(Edit) and I did get a good chuckle seeing this article after our bulb comments... Karma?

Tri-cities realist

Good info SM, err JB. I wasn't aware of the sub-par performance of the other components of the LED bulbs. That would be like the auto manufacturers giving you a 100,000 mile warrantee on the drivetrain, while knowing that the frame (I know Uni-body now) would disintegrate after 20,000 miles. I'm sure consumers would have no problem with that.

I've dealt with LED's for years in my profession, although at much lower luminance. I can understand why getting similar light output (and component reliability) to an incandescent is a challenge for the LED bulb manufacturers, kind of like over clocking a computer. I just hope that is the real issue, and not as you suspect. But it wouldn't surprise me either.

watchingyou

I personally like the Compact Fluorescent Lamps. They have come a long way and are more efficient than the incandescent bulbs. The LED's are coming along also but they still have a long way to go to make it worth it. Though I don't believe in Unnatural Global Warming at all I do agree that we need to become more efficient. Just for the sake of cost.

Wolverine49457

LED's although the wavelength is not the best for some applications are my favorite. I do not like the slow CPF bulbs much but they are energy efficient. It's simple; heat is energy, if a bulb produces heat that is wasted energy (unless the bulb is supposed to heat something). LED's produce little wasted energy in the form of heat making them very efficient but I must say I do not like it when cars use them; they seem annoyingly in your face whether the lights are in front of behind you.
We could all save money on our bill if Consumers would not run ads every half hour during prime time about how they are saving you money…just sayin’.

LessThanAmused

Ok, fine....but what am I suppose to do with my easy-bake oven if I can't find an old-style bulb to use as a heat source??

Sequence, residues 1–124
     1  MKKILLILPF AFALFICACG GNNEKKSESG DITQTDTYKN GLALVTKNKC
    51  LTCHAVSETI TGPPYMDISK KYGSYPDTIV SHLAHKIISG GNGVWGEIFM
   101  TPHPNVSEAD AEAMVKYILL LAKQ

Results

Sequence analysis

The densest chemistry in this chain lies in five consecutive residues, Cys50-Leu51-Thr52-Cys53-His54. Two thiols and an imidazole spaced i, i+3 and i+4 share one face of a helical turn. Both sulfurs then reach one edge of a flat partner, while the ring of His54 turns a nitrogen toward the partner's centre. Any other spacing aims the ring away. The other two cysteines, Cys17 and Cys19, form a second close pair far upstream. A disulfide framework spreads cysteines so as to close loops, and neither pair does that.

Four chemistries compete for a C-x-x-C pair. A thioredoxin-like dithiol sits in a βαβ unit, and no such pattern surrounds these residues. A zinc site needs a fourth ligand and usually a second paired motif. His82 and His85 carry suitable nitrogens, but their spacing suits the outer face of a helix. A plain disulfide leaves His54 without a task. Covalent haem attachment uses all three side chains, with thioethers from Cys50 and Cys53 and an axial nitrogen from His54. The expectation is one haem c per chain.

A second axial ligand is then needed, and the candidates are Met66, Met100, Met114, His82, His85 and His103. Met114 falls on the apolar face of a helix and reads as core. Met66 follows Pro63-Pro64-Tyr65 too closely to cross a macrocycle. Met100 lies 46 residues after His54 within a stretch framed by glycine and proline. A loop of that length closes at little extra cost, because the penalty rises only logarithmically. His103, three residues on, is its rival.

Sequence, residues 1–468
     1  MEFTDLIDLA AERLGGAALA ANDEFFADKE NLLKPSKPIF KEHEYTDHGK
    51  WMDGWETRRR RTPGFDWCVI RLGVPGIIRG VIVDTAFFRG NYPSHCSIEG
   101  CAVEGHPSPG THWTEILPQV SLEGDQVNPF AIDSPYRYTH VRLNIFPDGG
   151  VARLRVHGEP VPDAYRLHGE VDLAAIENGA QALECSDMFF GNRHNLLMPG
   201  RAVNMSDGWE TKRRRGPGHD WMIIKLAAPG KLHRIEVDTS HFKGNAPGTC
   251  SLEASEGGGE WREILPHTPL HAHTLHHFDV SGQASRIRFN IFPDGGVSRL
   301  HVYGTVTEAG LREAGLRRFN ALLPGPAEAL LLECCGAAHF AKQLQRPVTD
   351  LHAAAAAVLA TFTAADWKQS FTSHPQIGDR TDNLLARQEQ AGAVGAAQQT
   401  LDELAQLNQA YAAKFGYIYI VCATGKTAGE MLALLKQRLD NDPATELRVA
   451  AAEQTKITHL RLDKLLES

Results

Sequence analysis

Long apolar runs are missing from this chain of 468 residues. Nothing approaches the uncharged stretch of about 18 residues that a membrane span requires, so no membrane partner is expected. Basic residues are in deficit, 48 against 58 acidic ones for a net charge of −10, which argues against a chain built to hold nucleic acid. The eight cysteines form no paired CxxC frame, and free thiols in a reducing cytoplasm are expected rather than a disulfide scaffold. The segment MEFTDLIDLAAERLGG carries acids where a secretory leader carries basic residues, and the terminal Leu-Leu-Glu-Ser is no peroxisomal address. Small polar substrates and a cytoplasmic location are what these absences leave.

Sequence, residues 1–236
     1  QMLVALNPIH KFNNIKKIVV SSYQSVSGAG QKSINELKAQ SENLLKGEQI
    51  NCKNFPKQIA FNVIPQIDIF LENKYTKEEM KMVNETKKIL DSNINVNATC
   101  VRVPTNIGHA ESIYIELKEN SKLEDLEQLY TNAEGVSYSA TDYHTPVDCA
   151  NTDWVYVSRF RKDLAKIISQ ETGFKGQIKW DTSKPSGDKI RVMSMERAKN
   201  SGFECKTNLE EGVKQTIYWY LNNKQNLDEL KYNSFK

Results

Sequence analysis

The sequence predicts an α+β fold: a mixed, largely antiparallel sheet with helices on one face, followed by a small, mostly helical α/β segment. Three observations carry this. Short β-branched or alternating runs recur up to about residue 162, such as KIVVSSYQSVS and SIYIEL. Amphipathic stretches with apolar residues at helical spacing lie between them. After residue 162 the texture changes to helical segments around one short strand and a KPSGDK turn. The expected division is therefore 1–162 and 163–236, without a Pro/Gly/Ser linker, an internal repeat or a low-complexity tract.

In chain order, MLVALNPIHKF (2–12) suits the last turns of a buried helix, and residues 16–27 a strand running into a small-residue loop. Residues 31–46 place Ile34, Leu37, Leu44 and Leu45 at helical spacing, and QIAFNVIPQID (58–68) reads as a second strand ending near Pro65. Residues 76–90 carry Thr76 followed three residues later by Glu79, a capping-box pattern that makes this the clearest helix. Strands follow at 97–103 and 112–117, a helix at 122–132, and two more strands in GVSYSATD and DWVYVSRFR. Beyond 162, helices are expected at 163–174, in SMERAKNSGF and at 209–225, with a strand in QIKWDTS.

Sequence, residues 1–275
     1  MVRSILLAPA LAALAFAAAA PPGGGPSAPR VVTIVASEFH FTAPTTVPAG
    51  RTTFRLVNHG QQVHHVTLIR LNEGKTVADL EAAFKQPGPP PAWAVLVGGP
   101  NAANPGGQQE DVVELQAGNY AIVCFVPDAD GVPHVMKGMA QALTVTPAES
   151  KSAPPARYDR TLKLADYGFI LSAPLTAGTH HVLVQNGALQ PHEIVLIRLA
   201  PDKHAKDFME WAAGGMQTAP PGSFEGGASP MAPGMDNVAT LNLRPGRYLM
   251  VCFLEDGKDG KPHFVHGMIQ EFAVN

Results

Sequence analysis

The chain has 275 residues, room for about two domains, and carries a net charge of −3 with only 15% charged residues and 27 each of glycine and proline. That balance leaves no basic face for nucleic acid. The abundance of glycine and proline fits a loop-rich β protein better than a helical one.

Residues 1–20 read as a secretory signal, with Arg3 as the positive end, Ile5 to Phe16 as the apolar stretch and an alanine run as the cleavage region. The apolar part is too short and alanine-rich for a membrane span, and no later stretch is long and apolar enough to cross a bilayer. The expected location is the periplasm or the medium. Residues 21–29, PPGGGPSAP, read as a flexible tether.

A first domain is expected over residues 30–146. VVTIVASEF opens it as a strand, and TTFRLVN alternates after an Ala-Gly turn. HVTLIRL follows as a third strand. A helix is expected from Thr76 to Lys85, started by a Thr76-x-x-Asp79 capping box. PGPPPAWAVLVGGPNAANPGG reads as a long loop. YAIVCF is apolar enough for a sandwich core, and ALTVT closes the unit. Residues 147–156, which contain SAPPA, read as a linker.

Signed....my granddaugher

Lanivan

To your granddaughter: Ask Poppa to buy you a new Easy Bake Oven - they no longer use 100-watt light bulbs, and will get to temperatures of 375 degrees. All for $49.99, twenty dollars more than the ones they are replacing.....:'-(

LessThanAmused

Sure, make me buy a new one when the old one works just fine. I think I've got enough old style 100w bulbs stashed to last until she grows out of that phase and maybe her kids too!
I'll leave 'em to the great grandkids in my will! :-O

Tri-cities realist

Yep, throw away a perfectly functional item because the govt has outlawed an item that costs less than a dollar, and would make it function again. Then blow $50 on a new "energy efficient" one. Let me know how many cupcakes she would need to make to recoup that investment. Brilliant logic.

Lanivan

HaHa!! Guess what?? It's so much more complicated than that. Hasbro has made the Easy Bake Ovens since 1963, using a 100-watt bulb for heat. But in 2007, 1 million ovens were recalled due to children getting fingers stuck and burned - in one case the burn was so bad part of the finger had to be amputated. That was the primary impetus, along with the Energy Bill of 2007, that prompted Hasbro to totally redesign the oven, and scrap the light bulb heat concept. It now can reach up to 375 degrees - I don't think energy efficiency enters into the equation.

If you object to the new, safer models that cost more money, but are less likely to burn little children, you might want to contact Hasbro with your complaint.

Tri-cities realist

No complaints here about Hasbro making their products safer. There are warnings about parental supervision, so I don't blame Hasbro. Who would think that an oven would get hot? But in our sue happy country, Hasbro probably didn't have a choice.

angelshorty18